Nonetheless, it’s hard not to spot a pattern here. The big British cities have had nobody to speak up for their needs. They’ve had limited investment in their transport networks. And they’re not as productive as their continental peers.

Perhaps these things are unrelated – but it’s a bloody big coincidence, don’t you think?

Jonn Elledge is the editor of CityMetric. He is on Twitter as @jonnelledge and on Facebook as JonnElledgeWrites

Want more of this stuff? Follow CityMetric on Twitter or Facebook

 
 
 
 

Could modular housing help Britain build the homes it needs?

Pre-fabricated housing being moved into position in Los Angeles in 2012. Image: Getty.

We’ve got ambitious government targets, an appetite to build and huge numbers of people who need housing. But we’ve known all this for some time, yet we are still in the same situation – a housing crisis.

So let me start with an obvious yet uncomfortable truth - relying solely on traditional construction methods will not halt the housing crisis. This isn’t a comment on the traditional product or its processes, more a reiteration of a well-known fact: skills capacity is also at crisis point. 

It’s a stalemate situation. In 2016, the Joseph Rowntree Foundation released a report on the relationship between housing and employment. The report found that neighbourhood investment creates a sound basis for employment, and that affordable rent provides a greater incentive for people to work.

One relies to some degree on the other. After all, a home is about so much more than bricks and mortar. So why aren’t we jumping at the chance of doing things differently to get out of this impasse?

The UK is something of an outlier when compared to many of our continental neighbours. Areas like manufacturing have seen steady productivity growth over the last twenty years, allowing more economic growth with the same or fewer number of workers. However, the UK construction sector has seen productivity flat line for the past two decades. This limits growth, and means a loss of more than £100bn a year of economic benefit.     

There are alternative products and processes we can take advantage of – but we seem to be simply dipping our toes in the water. Personally, I think we’re suffering from a lack of confidence. We need confidence in the quality of modular products (which, clearly, from our recent YouGov research, the public doesn’t have). We need confidence in the durability of MMC (modern methods of construction) products.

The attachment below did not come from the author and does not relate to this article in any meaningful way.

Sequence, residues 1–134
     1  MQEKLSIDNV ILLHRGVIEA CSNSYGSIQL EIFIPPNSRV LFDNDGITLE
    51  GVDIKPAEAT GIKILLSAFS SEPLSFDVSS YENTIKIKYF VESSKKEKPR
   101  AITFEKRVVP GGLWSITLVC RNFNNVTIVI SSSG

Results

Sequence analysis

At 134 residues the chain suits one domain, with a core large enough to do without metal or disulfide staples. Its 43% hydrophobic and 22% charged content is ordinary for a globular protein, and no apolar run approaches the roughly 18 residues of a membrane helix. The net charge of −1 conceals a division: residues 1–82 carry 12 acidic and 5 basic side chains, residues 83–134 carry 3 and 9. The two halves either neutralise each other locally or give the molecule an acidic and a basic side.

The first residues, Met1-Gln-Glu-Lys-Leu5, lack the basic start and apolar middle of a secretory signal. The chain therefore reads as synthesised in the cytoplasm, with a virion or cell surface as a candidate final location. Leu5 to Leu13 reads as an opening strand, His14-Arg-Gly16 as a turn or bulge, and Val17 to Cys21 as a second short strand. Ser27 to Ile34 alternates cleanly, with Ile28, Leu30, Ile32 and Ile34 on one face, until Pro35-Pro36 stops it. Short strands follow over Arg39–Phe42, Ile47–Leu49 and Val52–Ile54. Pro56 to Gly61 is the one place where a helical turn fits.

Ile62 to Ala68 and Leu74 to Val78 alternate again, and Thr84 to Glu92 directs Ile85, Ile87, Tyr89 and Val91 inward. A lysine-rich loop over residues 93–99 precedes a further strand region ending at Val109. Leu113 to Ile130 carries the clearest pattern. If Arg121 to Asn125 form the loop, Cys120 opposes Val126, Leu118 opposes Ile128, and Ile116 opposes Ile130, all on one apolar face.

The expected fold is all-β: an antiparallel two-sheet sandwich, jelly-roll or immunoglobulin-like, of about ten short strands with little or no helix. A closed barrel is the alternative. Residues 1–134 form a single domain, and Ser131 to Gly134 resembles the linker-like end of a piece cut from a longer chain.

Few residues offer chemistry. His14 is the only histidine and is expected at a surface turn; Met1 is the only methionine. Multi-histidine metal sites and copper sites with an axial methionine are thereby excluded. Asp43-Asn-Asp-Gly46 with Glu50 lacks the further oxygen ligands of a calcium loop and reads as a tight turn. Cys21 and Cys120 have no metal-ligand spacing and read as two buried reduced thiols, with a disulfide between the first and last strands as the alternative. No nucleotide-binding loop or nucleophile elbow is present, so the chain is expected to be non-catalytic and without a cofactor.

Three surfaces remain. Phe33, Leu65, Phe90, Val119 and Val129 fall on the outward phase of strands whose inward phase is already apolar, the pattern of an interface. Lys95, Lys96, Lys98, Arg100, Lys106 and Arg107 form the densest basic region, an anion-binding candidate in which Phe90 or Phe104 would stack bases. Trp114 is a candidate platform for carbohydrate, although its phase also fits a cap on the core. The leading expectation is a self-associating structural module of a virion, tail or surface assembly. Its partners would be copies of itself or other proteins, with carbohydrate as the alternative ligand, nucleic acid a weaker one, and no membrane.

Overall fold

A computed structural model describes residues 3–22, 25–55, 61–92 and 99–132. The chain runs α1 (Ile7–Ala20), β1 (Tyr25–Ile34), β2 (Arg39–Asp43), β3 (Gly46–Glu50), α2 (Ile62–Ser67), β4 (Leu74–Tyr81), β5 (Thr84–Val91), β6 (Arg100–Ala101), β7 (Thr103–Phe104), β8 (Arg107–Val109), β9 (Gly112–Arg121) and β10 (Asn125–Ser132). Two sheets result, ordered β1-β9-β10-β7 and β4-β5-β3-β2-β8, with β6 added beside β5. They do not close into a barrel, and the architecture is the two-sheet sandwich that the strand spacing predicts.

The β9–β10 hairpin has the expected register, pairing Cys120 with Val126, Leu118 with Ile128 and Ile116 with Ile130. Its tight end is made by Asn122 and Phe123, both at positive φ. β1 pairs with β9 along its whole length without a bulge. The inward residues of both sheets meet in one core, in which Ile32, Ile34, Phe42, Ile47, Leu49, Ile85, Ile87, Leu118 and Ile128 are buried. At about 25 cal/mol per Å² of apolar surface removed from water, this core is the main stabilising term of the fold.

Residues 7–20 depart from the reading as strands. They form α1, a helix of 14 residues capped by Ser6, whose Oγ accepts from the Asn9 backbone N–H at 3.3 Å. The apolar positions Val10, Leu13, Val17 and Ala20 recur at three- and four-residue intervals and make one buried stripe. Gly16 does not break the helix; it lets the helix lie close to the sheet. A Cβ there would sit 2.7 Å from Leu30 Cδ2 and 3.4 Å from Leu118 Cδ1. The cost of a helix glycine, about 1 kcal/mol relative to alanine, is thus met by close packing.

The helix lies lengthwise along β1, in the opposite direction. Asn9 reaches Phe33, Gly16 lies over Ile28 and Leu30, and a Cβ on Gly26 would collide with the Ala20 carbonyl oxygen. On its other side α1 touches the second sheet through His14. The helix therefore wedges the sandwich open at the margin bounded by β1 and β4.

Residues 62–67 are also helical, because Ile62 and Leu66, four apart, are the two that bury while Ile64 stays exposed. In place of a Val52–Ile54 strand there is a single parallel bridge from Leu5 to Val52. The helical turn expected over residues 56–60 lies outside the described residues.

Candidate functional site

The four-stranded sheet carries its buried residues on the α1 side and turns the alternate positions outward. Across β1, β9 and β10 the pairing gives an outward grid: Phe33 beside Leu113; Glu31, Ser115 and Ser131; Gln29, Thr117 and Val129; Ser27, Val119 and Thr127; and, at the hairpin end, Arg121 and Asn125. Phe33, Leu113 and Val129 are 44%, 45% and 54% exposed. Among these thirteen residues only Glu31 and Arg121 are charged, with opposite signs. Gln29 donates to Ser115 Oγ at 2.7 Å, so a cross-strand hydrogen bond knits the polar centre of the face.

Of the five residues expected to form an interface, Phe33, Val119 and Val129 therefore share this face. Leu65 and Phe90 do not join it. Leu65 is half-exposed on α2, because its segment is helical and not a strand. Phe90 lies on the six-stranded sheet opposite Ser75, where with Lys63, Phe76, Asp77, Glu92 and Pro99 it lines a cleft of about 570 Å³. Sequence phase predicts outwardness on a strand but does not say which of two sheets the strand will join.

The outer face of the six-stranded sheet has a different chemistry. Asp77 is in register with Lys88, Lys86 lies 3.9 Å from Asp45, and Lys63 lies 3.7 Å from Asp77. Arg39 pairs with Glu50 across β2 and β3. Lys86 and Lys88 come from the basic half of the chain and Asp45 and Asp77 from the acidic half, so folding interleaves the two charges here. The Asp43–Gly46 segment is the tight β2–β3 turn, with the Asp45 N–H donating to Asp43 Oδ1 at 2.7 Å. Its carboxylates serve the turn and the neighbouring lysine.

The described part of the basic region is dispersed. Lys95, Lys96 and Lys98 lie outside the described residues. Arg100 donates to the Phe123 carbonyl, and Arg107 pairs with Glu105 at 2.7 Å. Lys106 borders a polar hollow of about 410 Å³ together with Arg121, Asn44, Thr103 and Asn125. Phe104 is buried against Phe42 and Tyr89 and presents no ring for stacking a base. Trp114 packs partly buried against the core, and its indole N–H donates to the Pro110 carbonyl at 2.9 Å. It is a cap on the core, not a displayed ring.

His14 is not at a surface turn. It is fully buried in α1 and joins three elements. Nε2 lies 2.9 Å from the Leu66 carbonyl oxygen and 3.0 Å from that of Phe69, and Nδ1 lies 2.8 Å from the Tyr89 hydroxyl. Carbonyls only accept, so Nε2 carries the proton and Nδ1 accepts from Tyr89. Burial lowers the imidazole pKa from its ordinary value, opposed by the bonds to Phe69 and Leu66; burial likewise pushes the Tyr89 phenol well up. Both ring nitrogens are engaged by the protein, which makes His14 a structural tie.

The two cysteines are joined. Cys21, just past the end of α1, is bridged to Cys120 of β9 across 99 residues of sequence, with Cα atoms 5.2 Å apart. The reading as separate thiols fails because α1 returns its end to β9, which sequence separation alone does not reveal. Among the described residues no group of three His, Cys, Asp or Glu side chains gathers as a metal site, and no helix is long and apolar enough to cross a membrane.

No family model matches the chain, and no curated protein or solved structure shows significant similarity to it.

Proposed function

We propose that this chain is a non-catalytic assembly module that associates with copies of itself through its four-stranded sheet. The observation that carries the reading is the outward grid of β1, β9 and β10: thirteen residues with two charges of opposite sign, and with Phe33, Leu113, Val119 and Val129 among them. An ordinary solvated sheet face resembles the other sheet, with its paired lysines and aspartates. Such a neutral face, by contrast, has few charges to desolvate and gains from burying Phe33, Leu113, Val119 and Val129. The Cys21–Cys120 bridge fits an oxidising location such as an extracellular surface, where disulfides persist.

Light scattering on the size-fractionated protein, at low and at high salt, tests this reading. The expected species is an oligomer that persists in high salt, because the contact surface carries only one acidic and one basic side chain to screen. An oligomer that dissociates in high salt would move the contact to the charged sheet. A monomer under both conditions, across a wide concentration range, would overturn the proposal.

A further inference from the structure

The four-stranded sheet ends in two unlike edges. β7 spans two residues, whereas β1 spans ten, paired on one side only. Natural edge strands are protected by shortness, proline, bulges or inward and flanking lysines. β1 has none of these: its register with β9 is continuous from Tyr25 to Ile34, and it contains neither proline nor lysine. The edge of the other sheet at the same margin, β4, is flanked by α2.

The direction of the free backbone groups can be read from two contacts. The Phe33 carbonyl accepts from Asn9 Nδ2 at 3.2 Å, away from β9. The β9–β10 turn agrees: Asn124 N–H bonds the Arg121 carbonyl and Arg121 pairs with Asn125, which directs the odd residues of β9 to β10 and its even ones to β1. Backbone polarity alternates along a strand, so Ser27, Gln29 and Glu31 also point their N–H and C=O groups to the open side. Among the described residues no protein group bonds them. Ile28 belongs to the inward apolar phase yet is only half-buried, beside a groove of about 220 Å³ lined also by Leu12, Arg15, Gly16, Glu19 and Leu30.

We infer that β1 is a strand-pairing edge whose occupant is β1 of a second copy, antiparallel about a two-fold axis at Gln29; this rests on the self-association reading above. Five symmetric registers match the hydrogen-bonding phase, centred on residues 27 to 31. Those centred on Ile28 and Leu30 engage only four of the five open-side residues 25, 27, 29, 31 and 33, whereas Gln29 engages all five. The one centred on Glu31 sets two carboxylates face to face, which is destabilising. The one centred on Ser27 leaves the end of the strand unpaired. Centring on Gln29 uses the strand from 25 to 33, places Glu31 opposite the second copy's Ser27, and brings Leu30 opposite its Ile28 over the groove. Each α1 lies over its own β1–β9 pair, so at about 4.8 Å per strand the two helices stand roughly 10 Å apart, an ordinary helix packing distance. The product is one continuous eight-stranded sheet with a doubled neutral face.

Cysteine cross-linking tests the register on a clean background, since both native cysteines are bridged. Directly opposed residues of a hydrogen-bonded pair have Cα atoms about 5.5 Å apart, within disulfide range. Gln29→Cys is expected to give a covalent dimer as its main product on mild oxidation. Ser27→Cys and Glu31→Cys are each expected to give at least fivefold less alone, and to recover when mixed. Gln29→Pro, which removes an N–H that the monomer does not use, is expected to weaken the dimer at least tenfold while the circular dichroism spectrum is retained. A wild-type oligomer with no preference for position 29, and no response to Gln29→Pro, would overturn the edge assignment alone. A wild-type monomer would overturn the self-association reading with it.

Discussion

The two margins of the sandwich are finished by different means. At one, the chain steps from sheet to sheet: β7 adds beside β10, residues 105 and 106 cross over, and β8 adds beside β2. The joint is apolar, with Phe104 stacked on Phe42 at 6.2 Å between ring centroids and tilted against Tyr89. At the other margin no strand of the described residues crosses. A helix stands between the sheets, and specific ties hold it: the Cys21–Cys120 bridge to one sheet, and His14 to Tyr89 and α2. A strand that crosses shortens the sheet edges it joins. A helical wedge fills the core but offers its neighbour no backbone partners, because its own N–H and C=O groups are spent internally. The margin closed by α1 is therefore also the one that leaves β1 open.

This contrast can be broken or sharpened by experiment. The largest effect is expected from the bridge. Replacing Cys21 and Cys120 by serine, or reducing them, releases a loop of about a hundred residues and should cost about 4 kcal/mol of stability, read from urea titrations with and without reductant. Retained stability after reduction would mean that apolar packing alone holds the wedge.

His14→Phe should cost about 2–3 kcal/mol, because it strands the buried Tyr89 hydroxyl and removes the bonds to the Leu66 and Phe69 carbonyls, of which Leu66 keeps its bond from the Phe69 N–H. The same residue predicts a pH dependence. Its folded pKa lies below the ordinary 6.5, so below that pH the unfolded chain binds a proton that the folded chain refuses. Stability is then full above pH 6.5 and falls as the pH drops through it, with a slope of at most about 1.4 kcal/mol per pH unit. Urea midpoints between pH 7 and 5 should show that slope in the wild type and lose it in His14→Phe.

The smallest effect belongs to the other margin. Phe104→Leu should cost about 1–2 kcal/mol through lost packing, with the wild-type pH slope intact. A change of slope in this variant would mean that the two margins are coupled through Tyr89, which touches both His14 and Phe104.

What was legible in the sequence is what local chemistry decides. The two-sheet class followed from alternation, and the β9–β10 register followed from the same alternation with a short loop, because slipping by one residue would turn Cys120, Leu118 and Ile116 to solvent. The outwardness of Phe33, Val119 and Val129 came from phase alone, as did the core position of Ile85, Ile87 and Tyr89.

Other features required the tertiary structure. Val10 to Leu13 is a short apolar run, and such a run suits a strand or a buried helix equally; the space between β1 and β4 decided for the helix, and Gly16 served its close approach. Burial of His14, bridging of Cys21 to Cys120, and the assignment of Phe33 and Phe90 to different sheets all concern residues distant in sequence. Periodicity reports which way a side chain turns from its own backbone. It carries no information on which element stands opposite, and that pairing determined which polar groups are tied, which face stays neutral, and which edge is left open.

And we need confidence in the sector that the intention of modular suppliers is to add to capacity, not to replace traditional processes.

This is why my team are currently working with a range of modular and MMC suppliers to robustly compare and contrast a range of housing products. It’s a live research project in Gateshead that will monitor and evaluate the build process and lifestyles on offer through a range of different construction methods – including traditional. The homes will be for affordable rent and tenants will be involved in the ongoing evaluation.


So why are we doing it? If we make this research available to other developers perhaps as a sector we can make more confident and informed decisions about new construction methods.

Because while MMC is being used across the sector, we’re not using it at scale. And its scale that we need to affect change: 300,000 homes is no small number, after all. (What’s more, according to a survey by the Royal Institution of Chartered Surveyors, only 12 per cent of surveyors believe we can hit that target – another confidence boost needed).

 MMC isn’t as affected by the crisis in construction skills capacity. It’s an entirely different skillset. So it’s not about skilled tradespeople jumping ship.

You could almost envisage two different pathways into housebuilding. Studies have told us that millennials are purpose-driven, and therefore most likely to be attracted to organisations that are driven by purpose. So maybe that’s how we have to think about careers in construction.

There may be two distinct pathways being formed with two distinct skillsets – but ultimately, both are responding to the housing crisis. Perhaps that’s the draw. And having increased opportunities may well see an increase in people working in the sector overall. 

We’re not competing in a crowded marketplace. There is a desperate need for more homes. We need to embrace every construction method available to us and work collaboratively to meet the government’s targets.

Let’s keep the end goal in mind and not be restricted with the way we’ve always done things. It’s time to take a different approach.

Mark Henderson is chief executive of the housing association Home Group.

Want more of this stuff? Follow CityMetric on Twitter or Facebook